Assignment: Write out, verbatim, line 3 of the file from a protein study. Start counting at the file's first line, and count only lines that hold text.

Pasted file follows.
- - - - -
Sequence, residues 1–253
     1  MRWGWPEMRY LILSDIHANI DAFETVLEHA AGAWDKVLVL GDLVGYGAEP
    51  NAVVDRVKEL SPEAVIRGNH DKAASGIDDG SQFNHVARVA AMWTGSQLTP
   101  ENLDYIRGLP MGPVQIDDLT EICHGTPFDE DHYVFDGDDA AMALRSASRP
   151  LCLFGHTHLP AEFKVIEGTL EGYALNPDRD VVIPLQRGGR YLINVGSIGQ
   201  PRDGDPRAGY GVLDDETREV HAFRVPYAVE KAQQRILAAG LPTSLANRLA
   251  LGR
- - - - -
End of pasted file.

    51  NAVVDRVKEL SPEAVIRGNH DKAASGIDDG SQFNHVARVA AMWTGSQLTP